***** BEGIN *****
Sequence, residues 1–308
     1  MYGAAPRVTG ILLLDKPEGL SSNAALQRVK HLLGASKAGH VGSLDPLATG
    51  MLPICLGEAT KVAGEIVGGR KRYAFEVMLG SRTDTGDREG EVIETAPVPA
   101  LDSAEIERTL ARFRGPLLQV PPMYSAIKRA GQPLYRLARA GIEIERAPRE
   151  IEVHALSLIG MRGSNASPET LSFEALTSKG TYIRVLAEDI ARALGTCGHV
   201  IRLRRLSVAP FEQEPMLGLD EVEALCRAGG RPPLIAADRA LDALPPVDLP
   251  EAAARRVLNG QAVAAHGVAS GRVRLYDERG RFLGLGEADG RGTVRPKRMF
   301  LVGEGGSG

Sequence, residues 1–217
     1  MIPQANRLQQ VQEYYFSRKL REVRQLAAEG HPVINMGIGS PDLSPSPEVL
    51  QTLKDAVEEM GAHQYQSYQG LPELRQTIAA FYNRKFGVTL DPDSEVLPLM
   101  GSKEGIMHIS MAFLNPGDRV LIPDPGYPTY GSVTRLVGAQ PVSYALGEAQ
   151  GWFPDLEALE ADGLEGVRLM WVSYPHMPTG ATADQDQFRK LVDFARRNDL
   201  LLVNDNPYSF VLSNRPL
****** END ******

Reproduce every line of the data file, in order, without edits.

Sequence, residues 1–308
     1  MYGAAPRVTG ILLLDKPEGL SSNAALQRVK HLLGASKAGH VGSLDPLATG
    51  MLPICLGEAT KVAGEIVGGR KRYAFEVMLG SRTDTGDREG EVIETAPVPA
   101  LDSAEIERTL ARFRGPLLQV PPMYSAIKRA GQPLYRLARA GIEIERAPRE
   151  IEVHALSLIG MRGSNASPET LSFEALTSKG TYIRVLAEDI ARALGTCGHV
   201  IRLRRLSVAP FEQEPMLGLD EVEALCRAGG RPPLIAADRA LDALPPVDLP
   251  EAAARRVLNG QAVAAHGVAS GRVRLYDERG RFLGLGEADG RGTVRPKRMF
   301  LVGEGGSG

Sequence, residues 1–217
     1  MIPQANRLQQ VQEYYFSRKL REVRQLAAEG HPVINMGIGS PDLSPSPEVL
    51  QTLKDAVEEM GAHQYQSYQG LPELRQTIAA FYNRKFGVTL DPDSEVLPLM
   101  GSKEGIMHIS MAFLNPGDRV LIPDPGYPTY GSVTRLVGAQ PVSYALGEAQ
   151  GWFPDLEALE ADGLEGVRLM WVSYPHMPTG ATADQDQFRK LVDFARRNDL
   201  LLVNDNPYSF VLSNRPL